Ode to my cat, Satchel
You guys, my cat is the greatest.
I know, I know. You have a cat, or a dog, or a ferret, or a rat, and you firmly believe that YOUR pet is the greatest. I applaud this. I hope all of us animal lovers can staunchly assert that our own pets are the best pets ever. Honest: I want everyone to feel this way.
Satchel is three years old, and I loved him from the moment I met him. In early summer 2012, a friend of a friend dropped by a place where we were all hanging out. The guy arrived with a crate full of tiny kittens. He just had to show us this batch of siblings he was fostering. As a die-hard kitten fan, I gravitated toward the crate. My eyes filled with tears as I spotted two kittens in particular that had nearly identical markings to my beloved Wally, the kitten we adopted in 2011 who died just seven months after she was born due to illnesses the doctors and vets could never figure out. My friend R. put her arm around me and smiled, knowing my eyes were brimming at seeing the similarity between the kittens and my little Walls.
One cat really stood out to me, though. He was a gray tabby with a little white chin, and he was mewing the loudest and trying to get out and explore the world. The cat guy could tell I was taken with the kittens and let R., our mutual friend, know privately that any of the kittens could be mine if I was ready to adopt again.
A week later, we did one of the cutest things I’ve ever done in all my life: we had a kitten photo party. In the spring and summer, Athens, Georgia is overrun with kittens in need of homes, and it can be really difficult to get all the cats placed safely. R. thought it would be easier to place these babies if we had some high-quality and adorable photos of them. We put the crate full of cats on the grass in R.’s backyard and opened the door. The babies mewed loudly, no one wanting to actually step out of the crate onto the unfamiliar terrain. But there was one guy willing to take up the charge—it was the little gray tabby with the white chin! He marched on out of the crate and crawled onto my lap. Swoon! The rest of that afternoon, the kittens roamed R.’s basement adorably while we took pictures. I kept finding myself gravitating toward the little gray guy, picking him up and cuddling him and taking more photos of him than any of the others.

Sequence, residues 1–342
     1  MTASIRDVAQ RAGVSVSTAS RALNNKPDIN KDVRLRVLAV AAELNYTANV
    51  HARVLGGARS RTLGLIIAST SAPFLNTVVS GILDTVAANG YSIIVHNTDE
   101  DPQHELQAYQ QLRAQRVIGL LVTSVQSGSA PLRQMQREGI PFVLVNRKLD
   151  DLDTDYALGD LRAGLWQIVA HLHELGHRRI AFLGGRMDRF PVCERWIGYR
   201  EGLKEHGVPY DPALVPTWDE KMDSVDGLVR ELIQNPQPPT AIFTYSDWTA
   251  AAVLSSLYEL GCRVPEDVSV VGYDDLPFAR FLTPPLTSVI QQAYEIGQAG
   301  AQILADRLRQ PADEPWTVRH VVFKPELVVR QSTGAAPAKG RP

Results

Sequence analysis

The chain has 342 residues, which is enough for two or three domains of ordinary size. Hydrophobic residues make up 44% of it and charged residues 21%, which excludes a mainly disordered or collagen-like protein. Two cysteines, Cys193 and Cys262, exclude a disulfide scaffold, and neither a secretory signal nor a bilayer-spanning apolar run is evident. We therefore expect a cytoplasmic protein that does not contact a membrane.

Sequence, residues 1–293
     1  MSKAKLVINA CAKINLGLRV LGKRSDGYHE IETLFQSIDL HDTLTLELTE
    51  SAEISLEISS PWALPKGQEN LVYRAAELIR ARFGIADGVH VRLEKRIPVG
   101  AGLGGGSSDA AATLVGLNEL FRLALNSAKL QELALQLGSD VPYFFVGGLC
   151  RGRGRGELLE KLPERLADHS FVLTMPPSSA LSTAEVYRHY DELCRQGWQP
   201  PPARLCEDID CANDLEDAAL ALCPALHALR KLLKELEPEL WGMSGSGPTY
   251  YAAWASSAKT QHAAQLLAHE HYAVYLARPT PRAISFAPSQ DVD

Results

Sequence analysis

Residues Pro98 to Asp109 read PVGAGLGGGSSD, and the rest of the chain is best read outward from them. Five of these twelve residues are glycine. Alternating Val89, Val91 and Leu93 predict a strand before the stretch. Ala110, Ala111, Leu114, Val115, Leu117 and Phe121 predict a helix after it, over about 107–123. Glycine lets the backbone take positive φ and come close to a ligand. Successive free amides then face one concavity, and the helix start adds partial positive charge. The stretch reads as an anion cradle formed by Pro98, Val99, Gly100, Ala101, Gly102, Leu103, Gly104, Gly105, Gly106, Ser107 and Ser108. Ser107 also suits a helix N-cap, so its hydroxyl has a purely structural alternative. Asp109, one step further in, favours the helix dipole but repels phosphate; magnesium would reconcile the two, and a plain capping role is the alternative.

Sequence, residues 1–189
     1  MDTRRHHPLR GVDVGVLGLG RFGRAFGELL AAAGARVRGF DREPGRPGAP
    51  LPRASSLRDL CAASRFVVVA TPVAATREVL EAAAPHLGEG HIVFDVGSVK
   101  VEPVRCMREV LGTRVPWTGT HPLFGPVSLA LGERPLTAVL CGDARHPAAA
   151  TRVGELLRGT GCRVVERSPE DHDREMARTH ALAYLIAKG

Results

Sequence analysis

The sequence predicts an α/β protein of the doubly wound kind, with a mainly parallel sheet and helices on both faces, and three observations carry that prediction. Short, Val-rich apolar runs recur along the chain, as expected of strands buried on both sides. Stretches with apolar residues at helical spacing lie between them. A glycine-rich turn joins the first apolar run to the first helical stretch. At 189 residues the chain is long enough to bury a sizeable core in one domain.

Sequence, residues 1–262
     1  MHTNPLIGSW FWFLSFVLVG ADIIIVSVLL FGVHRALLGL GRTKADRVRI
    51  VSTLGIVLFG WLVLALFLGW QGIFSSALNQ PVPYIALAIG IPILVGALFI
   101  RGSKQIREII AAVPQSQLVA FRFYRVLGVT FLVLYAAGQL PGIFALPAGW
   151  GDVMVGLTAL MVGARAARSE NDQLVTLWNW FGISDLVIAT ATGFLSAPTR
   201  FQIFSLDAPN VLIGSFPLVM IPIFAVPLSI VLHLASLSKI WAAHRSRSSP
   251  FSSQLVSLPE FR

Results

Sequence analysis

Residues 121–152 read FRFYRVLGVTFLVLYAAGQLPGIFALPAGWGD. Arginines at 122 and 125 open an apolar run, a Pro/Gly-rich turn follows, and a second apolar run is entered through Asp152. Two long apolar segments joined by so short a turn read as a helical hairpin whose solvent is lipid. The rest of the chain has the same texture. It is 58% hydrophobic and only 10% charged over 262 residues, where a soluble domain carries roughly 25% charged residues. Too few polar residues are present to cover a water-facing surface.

I mentioned the kittens to Jim again—he’d met them briefly when the cat guy brought them by originally, and he’d looked at my photos from the kitten photo party. I told him I didn’t know if I was ready to adopt again but that, if we did, there was one cat in particular I had fallen for. Guess what? Jim had fallen for this little guy, too.
The origin story of Satchel goes on, but I’ll cut it short to tell you the truth: it was hard to get another kitten in the house, and it was a big choice to make after the awful suffering we had endured with Wally and the heartbreak that will maybe never fully heal when we lost her. (People who have had pets seem to better understand how losing an animal can be devastating—pet-less folks sometimes find the depth of loss confusing, which is understandable).
So now it’s three years later, and we are head-over-heels for this quirky, funny, sweet, and loving little guy. Gone are the days when, as a kitten, he would meow and meow until you picked him up to cuddle him. Gone are the days when he would pass out so thoroughly we could put his body into any position we wanted to, making his legs and arms look like he was a man hailing a taxi ,a person sprawled on the couch with the TV remove in hand. He may be getting older and more independent, but he’s still such a source of joy and comfort. He cuddles with us on his own terms (in the cooler weather more than the hot), and his antics make us laugh out loud every single day.
In addition to the joy he has brought into the lives of us, two chronically-ill people, Satchel has also brought us tremendous comfort. When I am sick with a bad migraine episode, he will abandon his adventures and come lie down on the bed with me, periodically walking around my head and sniffing my face and nudging my hair to check on me. Sometimes he will meow for more fresh water (usually after knocking his food into his water bowl on purpose—don’t ask), and when I refill his water I am reminded that it’s time for me to re-hydrate as well. When he yells at us to replenish his food supply, I remember that it’s time for me to have some food as well. And when he begs to be let out (poor guy is an indoor cat, so there’s no outdoor hunting adventures awaiting him), I am reminded that getting some fresh air or going for a walk myself might be in order.
Do any of you have pets? How does (or doesn’t) your pet help you live a better life? What things does he/she do to cheer you up or make you feel comforted? Please share your thoughts below!
Can you tell when a migraine attack is coming?